What would happen if a clandestine terrorist group or group of religious nut-bars managed to get their hands on a weapon and managed to blast it off? The closest or easiest option would be the American weapons at the Incirlik airbase in Turkey, some 250 kilometre drive from Aleppo. But again, have ISIS got the military means to not only fight their way through Syria and then through the much stronger and powerful Turkey, before killing off all of the American soldiers based there to get their hands on the nuclear weapons? I just can’t see it happening. You’re living in a dreamland if you think that it’s possible.
Sadly there might be people who can see that scenario, however unlikely, but then where would the retaliatory shot go to? You can’t kill a terrorist group or extreme religious ideology – the biggest cause of European and Western grievance today – with nuclear weapons. They are Cold War weapons for should be left on the scrap heap.
The other thing to note is the prestige that comes with having such a set of weapons in your arsenal and the logic that by having them they entitle you a seat at the largest of international tables, the UN. With this comes the desire of others to develop weapons so they too can have a seat at the top political tables in the future, which is what we’re currently seeing in North Korea. They want to be noticed. They want to be listened to and respected and what better way than getting a bunch of nukes under your mountains and letting them blow up around your neighbours to get attention.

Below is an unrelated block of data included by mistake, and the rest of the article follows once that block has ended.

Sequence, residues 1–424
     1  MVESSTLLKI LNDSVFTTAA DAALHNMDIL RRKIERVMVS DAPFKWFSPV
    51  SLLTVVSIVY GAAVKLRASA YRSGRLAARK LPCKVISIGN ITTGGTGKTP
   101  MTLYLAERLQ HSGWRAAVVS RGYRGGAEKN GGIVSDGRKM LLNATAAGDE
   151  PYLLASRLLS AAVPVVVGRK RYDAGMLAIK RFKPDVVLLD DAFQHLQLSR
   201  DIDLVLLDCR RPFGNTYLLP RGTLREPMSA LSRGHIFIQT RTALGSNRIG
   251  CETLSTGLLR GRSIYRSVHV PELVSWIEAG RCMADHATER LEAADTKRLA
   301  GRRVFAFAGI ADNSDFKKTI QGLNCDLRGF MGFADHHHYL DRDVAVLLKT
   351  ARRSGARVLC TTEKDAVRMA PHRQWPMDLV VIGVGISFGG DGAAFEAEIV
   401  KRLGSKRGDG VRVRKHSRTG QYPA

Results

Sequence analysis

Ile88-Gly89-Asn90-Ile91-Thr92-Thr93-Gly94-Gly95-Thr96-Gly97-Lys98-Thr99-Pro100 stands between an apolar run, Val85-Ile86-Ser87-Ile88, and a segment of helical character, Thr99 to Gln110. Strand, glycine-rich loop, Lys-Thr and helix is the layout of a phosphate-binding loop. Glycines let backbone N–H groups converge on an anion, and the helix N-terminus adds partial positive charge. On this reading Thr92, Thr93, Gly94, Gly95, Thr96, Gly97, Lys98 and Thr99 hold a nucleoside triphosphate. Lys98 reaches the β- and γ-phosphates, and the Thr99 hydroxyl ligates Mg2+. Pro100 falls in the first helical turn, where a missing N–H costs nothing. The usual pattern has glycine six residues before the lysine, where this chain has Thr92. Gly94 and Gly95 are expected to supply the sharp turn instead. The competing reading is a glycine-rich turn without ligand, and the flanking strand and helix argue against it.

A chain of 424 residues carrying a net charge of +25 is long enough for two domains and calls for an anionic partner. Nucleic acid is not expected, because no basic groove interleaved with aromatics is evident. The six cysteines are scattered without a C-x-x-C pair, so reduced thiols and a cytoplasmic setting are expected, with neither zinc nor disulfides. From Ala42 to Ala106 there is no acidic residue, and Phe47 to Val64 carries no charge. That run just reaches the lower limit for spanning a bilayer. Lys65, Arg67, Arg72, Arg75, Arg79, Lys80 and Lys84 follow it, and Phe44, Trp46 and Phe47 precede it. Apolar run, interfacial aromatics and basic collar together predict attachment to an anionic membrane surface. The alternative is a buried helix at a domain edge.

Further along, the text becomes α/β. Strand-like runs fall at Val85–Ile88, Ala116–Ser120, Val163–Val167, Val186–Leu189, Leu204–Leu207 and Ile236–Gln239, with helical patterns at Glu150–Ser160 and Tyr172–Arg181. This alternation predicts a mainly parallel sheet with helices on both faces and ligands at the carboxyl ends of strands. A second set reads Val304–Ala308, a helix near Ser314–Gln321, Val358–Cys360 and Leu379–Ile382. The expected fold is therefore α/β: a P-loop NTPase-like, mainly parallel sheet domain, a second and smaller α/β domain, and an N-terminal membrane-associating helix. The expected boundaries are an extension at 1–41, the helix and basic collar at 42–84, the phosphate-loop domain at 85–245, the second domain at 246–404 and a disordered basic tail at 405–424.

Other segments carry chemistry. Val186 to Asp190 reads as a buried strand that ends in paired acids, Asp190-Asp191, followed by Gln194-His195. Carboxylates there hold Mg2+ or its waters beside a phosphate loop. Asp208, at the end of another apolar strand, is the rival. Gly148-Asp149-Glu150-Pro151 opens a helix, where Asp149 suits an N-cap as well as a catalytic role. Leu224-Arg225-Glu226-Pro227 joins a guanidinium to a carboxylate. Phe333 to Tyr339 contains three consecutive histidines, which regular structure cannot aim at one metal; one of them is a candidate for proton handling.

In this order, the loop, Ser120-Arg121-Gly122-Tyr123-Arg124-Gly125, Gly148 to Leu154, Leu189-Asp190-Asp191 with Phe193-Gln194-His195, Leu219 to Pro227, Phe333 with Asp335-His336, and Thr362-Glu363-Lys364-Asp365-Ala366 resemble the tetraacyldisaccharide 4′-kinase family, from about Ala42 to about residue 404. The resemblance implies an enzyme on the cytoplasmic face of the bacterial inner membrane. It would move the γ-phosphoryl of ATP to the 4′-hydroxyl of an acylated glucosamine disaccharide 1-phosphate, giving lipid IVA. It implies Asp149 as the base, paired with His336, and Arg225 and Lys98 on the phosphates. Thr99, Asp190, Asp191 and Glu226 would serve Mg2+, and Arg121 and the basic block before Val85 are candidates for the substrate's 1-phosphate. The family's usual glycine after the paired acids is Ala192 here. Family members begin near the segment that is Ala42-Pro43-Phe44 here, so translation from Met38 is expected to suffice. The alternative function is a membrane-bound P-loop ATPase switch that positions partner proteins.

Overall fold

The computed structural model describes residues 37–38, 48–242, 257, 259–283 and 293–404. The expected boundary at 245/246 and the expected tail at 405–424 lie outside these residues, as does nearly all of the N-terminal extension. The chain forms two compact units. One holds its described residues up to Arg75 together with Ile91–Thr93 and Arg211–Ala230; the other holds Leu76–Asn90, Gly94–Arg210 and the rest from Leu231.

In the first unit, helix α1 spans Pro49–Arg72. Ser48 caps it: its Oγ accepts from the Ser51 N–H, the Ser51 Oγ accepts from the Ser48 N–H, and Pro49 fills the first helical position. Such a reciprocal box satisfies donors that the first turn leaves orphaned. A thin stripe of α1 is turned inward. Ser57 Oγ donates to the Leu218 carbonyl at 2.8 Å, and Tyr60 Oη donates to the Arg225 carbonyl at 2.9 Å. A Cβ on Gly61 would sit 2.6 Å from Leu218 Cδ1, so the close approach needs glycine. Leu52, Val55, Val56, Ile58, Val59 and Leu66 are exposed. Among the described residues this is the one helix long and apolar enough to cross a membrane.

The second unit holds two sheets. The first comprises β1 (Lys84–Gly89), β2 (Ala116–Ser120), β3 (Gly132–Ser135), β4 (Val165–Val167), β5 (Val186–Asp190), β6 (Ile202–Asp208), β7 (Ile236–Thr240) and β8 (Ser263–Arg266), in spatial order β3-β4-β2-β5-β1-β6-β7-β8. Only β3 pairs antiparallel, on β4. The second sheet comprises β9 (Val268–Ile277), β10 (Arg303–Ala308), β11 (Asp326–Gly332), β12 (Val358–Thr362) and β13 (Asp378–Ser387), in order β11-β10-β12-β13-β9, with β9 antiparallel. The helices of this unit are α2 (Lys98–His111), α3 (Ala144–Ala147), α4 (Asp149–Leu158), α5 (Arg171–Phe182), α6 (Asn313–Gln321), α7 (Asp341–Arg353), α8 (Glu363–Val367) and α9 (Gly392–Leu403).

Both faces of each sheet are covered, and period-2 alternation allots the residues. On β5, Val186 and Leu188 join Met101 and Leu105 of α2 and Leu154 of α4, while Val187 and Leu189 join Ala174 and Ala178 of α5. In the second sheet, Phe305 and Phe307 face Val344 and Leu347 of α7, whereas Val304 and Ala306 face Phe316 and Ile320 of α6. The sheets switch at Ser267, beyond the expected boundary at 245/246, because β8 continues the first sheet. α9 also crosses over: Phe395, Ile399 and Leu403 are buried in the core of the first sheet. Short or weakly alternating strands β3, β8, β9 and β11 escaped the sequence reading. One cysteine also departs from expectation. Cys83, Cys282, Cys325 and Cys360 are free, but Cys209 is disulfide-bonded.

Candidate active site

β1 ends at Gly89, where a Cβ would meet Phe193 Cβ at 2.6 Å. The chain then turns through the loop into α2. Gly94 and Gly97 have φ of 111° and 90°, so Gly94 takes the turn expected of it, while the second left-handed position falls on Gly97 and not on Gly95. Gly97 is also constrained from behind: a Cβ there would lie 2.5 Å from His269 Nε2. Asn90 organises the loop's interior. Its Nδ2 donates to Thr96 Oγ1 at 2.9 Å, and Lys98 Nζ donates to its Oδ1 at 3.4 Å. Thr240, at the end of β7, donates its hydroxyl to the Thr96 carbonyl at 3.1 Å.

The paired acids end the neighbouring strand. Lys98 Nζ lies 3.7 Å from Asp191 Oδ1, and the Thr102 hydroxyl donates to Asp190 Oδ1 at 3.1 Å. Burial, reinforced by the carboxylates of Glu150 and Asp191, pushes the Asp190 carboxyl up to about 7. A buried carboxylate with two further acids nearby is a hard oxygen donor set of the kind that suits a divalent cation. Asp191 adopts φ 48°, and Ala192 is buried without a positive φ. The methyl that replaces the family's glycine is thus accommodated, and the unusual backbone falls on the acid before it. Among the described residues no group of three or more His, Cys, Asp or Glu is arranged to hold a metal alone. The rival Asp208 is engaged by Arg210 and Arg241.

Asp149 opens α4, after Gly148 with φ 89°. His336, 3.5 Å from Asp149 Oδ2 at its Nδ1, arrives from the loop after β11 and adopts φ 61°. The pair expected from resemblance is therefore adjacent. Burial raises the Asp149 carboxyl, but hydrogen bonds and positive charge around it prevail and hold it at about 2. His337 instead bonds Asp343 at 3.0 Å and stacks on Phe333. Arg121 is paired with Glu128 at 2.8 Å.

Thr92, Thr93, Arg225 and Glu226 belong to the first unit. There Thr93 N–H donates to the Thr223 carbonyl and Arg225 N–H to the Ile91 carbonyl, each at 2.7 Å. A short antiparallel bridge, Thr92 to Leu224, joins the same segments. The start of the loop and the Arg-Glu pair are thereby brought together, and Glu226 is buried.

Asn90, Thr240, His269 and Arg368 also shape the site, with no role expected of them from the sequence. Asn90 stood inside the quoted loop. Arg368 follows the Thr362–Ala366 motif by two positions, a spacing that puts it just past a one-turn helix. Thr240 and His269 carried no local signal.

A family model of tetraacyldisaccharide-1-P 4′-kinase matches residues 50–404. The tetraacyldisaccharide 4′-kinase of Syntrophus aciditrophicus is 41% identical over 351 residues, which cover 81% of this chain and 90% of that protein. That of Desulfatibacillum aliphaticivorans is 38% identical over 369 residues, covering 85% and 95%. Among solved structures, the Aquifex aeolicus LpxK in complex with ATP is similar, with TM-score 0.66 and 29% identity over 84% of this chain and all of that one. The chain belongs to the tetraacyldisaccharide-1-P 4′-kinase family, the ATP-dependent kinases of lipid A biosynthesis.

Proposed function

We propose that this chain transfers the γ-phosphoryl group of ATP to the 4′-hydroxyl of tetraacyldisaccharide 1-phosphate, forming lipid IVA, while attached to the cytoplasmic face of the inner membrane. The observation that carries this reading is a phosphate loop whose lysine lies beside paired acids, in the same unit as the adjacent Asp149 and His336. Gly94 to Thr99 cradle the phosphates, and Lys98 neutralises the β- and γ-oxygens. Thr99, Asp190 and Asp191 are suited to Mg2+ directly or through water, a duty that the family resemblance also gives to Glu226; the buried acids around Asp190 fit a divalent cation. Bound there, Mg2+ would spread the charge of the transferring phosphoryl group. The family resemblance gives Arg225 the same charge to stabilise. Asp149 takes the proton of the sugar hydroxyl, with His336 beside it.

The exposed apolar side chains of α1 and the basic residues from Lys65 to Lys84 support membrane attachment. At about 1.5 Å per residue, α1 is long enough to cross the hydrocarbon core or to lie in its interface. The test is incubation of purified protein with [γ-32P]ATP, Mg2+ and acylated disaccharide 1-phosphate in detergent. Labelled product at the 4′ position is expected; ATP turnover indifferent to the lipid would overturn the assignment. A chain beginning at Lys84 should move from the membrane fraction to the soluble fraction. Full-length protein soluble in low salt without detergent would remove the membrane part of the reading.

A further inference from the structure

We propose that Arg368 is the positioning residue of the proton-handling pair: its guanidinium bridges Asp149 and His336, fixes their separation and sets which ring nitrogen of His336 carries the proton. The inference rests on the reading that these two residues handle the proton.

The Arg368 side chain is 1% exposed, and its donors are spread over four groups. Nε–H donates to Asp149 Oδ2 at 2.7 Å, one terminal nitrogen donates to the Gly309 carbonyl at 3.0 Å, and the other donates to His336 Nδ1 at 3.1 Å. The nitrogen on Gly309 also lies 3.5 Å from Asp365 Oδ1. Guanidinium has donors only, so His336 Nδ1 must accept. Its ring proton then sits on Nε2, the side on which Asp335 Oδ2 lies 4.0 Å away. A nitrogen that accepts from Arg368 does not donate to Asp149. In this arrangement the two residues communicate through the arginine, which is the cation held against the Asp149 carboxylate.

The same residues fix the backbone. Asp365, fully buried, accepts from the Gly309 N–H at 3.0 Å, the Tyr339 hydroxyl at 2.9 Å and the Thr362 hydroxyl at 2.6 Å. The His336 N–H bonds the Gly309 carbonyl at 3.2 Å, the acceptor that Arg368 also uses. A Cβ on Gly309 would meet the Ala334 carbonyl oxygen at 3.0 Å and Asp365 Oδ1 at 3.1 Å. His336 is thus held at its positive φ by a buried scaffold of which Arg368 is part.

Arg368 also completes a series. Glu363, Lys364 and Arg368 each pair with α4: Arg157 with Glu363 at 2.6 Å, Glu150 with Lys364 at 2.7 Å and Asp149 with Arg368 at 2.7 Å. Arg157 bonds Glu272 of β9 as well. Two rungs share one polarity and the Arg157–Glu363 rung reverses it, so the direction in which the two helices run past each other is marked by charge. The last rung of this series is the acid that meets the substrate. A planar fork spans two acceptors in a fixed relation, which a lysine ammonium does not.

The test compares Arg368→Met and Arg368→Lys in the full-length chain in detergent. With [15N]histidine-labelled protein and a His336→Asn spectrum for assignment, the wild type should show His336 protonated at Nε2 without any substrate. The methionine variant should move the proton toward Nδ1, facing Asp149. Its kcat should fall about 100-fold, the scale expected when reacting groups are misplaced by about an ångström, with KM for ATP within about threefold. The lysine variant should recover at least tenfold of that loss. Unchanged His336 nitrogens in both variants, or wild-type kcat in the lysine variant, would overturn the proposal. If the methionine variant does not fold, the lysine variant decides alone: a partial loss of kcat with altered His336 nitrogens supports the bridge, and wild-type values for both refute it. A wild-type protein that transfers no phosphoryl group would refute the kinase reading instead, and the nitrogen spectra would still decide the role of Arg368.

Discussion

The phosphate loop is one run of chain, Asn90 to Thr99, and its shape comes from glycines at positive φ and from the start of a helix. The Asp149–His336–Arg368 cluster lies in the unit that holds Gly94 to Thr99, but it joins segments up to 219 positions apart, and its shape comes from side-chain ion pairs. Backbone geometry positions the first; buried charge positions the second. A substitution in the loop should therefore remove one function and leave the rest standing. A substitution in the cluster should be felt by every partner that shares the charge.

By placing missiles on the mantel-piece as a must have trophy of a modern, completely protected, admired and independent country, you’re only encouraging others to follow suit in the hope that they too will be one day seen as a political and military power.
We live in a modern world but with old world ideas and the renewal of the Trident system is just one part of that. How things could be different if we didn’t spend so much money on a system we’re never going to use.
How many students could go to university, how many staff could we have helping the elderly, the sick and the needy in the NHS or how many jobs could we create in the towns and cities the Tories wanted to call the ‘Power House’ of the North? Do we really want to trade all that in for a bunch of stupid rocks?